The headline is correct. Vin Scully will return to announce Los Angeles Dodgers games for the 2015 season, which will be his 66th. According to Jon Weisman of Dodger Insider, the team made the announcement in the middle of the second inning of last night’s game.
Here’s the video…
The reaction from the crowd would make you think the Dodgers had just acquired Jon Lester, but the crowd reaction clearly displays how Scully is clearly beloved by the Dodger faithful.
As to why Scully will return (per Weisman):
“It is very difficult to say goodbye,” said Scully. “God willing, I will be back next year. Over the years I have been blessed to have so many friends, including those that sit in the stands and listen, as well as those at home who listen and watch. It is just too hard to say goodbye to all these friends. Naturally there will come a time when I will have to say goodbye, but I’ve soul-searched and this is not the time.”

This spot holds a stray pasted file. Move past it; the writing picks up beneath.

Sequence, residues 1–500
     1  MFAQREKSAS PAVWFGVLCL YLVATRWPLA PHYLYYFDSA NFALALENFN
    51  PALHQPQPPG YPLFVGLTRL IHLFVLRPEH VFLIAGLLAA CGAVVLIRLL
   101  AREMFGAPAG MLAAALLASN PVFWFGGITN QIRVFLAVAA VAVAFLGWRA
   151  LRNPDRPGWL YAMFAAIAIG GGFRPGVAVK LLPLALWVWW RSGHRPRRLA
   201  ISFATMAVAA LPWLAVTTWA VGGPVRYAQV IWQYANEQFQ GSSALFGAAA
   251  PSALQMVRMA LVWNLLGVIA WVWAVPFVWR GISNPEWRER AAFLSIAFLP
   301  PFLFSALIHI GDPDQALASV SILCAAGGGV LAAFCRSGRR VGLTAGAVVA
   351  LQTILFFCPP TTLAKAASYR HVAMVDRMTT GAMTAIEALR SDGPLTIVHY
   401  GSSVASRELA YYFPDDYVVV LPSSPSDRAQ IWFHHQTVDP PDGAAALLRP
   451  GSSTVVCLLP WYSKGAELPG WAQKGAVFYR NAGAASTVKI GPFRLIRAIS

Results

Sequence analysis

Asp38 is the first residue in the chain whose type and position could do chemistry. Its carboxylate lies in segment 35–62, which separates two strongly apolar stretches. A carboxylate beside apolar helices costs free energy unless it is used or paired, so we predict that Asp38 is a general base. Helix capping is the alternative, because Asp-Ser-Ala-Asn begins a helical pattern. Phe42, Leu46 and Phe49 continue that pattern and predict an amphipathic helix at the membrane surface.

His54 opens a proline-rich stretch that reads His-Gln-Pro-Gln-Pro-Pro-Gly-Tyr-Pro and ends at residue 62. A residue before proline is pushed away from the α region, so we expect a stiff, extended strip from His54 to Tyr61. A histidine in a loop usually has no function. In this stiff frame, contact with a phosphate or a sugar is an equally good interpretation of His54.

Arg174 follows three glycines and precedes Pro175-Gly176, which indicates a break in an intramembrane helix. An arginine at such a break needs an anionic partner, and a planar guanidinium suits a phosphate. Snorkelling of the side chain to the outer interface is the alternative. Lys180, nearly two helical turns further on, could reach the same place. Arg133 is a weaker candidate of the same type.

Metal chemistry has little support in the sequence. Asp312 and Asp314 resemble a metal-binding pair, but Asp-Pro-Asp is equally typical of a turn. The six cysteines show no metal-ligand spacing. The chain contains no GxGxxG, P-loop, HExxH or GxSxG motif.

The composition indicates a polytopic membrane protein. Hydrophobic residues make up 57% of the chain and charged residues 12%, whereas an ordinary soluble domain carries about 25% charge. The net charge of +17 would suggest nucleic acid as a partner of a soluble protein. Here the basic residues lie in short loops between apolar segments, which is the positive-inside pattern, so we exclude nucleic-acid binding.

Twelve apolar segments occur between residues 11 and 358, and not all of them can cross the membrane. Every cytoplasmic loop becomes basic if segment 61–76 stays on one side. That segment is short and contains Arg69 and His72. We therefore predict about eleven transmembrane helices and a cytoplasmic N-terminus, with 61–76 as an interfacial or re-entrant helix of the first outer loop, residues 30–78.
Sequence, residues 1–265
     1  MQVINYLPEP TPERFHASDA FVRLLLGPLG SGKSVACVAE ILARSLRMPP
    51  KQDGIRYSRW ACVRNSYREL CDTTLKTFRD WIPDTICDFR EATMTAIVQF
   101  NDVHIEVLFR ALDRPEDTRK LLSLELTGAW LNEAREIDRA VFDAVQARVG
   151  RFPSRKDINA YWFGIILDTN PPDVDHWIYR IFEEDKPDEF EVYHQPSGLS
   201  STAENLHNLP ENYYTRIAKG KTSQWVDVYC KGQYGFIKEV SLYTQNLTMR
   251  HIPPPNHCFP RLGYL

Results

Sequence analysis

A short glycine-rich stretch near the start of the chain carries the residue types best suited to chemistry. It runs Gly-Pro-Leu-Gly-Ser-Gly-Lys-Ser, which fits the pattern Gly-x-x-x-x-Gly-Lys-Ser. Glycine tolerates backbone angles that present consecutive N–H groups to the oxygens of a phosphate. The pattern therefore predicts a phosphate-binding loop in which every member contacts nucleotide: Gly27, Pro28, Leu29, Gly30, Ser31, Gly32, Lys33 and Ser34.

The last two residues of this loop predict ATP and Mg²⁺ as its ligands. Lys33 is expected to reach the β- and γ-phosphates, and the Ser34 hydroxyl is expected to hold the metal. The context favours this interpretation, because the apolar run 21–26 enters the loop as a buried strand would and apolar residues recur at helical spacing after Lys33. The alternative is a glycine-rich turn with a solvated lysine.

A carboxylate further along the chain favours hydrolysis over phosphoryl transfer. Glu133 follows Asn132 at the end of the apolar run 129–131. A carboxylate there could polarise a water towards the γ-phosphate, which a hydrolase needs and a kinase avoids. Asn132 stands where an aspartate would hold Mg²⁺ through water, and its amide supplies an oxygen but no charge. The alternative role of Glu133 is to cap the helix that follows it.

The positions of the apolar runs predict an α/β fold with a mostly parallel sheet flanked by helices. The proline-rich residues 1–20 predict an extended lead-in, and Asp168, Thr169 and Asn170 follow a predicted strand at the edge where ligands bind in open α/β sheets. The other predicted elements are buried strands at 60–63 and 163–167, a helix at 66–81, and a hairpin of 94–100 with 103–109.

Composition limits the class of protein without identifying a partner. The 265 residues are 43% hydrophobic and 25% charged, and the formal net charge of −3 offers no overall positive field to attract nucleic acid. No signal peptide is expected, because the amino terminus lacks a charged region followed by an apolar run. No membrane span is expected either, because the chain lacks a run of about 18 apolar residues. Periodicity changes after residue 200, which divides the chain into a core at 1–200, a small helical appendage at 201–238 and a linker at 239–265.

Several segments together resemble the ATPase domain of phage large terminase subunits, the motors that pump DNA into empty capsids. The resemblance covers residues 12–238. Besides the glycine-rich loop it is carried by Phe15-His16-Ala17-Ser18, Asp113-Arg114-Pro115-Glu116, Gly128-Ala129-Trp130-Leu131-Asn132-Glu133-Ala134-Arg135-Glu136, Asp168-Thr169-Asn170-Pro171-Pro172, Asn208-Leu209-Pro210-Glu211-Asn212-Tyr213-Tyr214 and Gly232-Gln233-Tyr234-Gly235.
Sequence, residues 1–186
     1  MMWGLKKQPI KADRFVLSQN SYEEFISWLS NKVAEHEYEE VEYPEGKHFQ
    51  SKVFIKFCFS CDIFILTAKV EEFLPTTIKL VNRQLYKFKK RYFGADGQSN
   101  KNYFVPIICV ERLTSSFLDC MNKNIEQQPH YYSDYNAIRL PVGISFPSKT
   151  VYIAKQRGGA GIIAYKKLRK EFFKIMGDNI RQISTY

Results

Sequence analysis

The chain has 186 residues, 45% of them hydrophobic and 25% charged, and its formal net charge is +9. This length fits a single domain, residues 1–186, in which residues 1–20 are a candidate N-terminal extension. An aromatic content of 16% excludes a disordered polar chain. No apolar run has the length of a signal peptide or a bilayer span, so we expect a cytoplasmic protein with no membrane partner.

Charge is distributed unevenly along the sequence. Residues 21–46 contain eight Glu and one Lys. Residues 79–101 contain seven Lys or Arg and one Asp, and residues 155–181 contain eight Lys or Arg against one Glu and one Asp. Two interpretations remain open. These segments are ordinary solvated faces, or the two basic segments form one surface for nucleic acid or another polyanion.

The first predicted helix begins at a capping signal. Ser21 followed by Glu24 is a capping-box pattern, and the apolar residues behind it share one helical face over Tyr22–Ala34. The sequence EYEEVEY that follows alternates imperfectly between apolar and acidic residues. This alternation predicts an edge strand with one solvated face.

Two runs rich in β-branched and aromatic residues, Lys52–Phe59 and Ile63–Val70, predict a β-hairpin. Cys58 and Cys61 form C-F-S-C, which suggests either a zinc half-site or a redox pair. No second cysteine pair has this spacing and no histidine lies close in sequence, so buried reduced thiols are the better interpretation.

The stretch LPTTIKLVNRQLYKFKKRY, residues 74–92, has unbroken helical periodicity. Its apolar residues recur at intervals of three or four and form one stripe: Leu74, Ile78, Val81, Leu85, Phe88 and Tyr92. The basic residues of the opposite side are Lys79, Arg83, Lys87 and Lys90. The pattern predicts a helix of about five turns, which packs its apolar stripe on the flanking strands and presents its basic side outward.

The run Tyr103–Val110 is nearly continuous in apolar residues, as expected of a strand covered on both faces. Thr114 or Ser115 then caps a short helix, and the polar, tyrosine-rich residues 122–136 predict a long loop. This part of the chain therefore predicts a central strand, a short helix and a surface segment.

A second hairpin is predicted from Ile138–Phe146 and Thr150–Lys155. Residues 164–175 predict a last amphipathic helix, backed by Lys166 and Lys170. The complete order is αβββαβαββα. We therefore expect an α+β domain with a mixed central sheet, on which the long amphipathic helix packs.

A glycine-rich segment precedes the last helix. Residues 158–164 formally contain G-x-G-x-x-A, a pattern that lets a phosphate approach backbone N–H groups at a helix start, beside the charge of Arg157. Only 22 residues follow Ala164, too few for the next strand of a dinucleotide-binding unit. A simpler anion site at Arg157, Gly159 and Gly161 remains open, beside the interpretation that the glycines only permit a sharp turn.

Scully’s days as the Dodgers announcer date back to Brooklyn when the team was located there. His first game was back in 1950 when he joined the legendary Red Barber and Connie Desmond on the broadcasts for both radio and television. Scully attempted to replace a man who would later become a broadcasting giant in his own right, Ernie Harwell. I think that’s gone over rather well.
After a dispute over a fee, Barber left the Dodgers after the 1953 season. Scully eventually became the team’s #1 announcer. Scully pulled up anchor and headed to the West Coast with the club when they moved to Los Angeles for the 1958 season. He’s been their #1 ever since and will continue that for at least one more season.
The love affair with Scully has grown to epic proportions. It’s no small coincidence that on the night this announcement is made that the Dodgers were doing a promotion, handing out microphones. Fitting.
Scully was presented with the Ford C. Frick Award in 1982. The award is presented each year to a broadcaster that has made “major contributions to baseball.” No surprise that Scully has been bestowed that honor. The list of broadcasting legends that have received the award is a who’s who among baseball broadcasters.
Scully’s former partner Barber was the first to receive the award (along with Mel Allen) in 1978.